Voting for the FOMC monetary policy action were: Ben S. Bernanke, Chairman; William C. Dudley, Vice Chairman; Elizabeth A. Duke; Charles L. Evans; Donald L. Kohn; Jeffrey M. Lacker; Dennis P. Lockhart; Daniel K. Tarullo; Kevin M. Warsh; and Janet L. Yellen.


The advanced report:
IV 06I 07II 07III 07IV 07I 08II 08III 08IV 08I 09
Gross domestic product1.
Nondurable goods.
Durable goods.
Change in private inventories-1.41-
Fixed investment-1.27-.57.47-.15-.97-.86-.25-.79-3.36-6.04
Net exports of goods and services1.33-1.201.662.03.94.772.931.05-.151.99
Government spending.

The consumption figure is about what I expected, which makes the headline rather worse than I anticipated; that's some pretty phenomenally bad investment data. I really didn't expect that there would be an even bigger drawdown (writedown?) of inventories than in previous quarters. I didn't expect the boost from net exports, either, though.

The headline is somewhat worse than most guesses I had seen, but the worst may be behind us. I sure hope so.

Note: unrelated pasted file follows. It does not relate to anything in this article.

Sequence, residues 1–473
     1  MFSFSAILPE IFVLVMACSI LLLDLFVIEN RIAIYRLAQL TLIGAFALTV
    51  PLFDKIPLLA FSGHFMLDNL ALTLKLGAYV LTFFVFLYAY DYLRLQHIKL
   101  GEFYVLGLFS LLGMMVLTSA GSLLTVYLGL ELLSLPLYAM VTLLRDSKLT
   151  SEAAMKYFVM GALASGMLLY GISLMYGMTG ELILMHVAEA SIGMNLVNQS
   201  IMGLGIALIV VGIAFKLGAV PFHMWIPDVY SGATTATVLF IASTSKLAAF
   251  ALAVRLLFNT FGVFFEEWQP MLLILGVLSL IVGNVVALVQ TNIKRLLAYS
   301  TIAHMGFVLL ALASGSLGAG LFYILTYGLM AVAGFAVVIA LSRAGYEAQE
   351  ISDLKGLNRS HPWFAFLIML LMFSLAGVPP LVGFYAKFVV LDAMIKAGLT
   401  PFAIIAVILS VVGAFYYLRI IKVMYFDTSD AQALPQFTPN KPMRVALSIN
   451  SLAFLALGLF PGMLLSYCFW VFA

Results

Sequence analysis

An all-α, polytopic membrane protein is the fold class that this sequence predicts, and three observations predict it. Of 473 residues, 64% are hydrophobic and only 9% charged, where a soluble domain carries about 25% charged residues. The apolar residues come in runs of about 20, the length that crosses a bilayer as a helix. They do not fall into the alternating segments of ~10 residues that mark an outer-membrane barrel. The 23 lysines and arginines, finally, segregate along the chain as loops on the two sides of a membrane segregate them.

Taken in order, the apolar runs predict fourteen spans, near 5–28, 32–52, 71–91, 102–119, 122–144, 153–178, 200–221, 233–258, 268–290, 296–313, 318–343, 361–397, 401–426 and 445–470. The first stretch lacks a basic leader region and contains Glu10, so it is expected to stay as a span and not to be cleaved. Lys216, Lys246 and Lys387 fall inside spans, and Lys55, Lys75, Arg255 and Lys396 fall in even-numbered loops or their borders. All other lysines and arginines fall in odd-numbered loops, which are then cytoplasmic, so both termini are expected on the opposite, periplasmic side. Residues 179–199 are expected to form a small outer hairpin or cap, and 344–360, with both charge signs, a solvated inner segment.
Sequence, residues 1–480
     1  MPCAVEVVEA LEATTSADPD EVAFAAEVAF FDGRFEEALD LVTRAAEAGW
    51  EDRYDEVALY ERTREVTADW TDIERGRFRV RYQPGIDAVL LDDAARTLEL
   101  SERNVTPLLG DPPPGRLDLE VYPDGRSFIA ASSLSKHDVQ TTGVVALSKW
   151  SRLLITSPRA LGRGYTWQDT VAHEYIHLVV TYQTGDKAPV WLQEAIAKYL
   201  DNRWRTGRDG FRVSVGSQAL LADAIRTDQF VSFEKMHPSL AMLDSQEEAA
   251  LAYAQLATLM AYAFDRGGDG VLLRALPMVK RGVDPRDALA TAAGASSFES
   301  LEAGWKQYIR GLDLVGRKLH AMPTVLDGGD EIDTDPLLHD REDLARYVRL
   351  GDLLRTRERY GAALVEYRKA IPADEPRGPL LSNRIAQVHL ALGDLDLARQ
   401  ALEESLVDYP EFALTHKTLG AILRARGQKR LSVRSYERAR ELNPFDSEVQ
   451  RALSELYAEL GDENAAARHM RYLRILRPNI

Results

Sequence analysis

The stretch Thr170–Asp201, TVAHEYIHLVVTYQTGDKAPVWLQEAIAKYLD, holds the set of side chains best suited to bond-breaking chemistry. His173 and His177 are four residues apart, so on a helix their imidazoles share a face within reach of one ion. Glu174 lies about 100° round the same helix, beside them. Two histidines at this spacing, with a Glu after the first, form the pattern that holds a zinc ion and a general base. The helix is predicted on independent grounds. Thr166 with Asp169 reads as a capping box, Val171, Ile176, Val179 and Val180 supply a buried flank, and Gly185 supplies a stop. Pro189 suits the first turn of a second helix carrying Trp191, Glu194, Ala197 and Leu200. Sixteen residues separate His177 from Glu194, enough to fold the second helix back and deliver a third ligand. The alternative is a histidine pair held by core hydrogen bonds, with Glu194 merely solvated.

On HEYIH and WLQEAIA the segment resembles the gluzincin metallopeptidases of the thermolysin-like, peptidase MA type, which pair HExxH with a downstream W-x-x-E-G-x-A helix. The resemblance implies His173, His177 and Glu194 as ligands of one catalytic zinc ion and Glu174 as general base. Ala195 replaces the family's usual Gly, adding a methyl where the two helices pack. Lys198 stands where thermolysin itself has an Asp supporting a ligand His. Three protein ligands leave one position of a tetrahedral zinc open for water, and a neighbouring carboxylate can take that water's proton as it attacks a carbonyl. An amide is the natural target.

Update: By the way, that was over $100 billion in inventory reductions.


Wednesday, April 08, 2009
how bank regulation exacerbated the crisis
Felix Salmon picks up a report from Goldman Sachs that gets concrete about some points that have been made elsewhere:
On the left hand side is the amount of capital that a bank would need to have if it had $100 of mortgages on its balance sheet: 5%, or $5. Once it securitizes those mortgages and they become RMBS, however, the capital needed drops to $4.10.

Of the $4.10, 40 cents is comprised of capital provisions against the triple-B tranche of the RMBS. But if the bank then repackages that triple-B tranche into a CDO, that capital requirement drops still further, to 35.5 cents.
Arnold Kling has suggested that securitization would not have happened were it not for these perverse incentives, and I have disagreed; I think there's a lot of good to be done in pooling loans and tranching them up to target different investor risk preferences. I don't at all think that justifies bad regulation to promote it; if anything, I'd like to see more stringent requirements for the securities than the loans to encourage banks to keep exposure to the loans they originate.


Wednesday, April 01, 2009
Geithner plan subsidy
The biggest problem I have with John Hempton's writing is often its punctuation. I certainly disagree with much of what he has to say, but I don't find it as annoying as having to parse most of his sentences more than once. Anyway, the essence of a very good point he has today is that
it is simply illogical to believe that

(a). The banks are largely insolvent,

(b). The right or actual government policy is guarantee big banks (ie no more Lehmans) and

(c). The subsidy to the Geithner Funds is a real problem.
If it's not immediately obvious why this is true, go look at his post.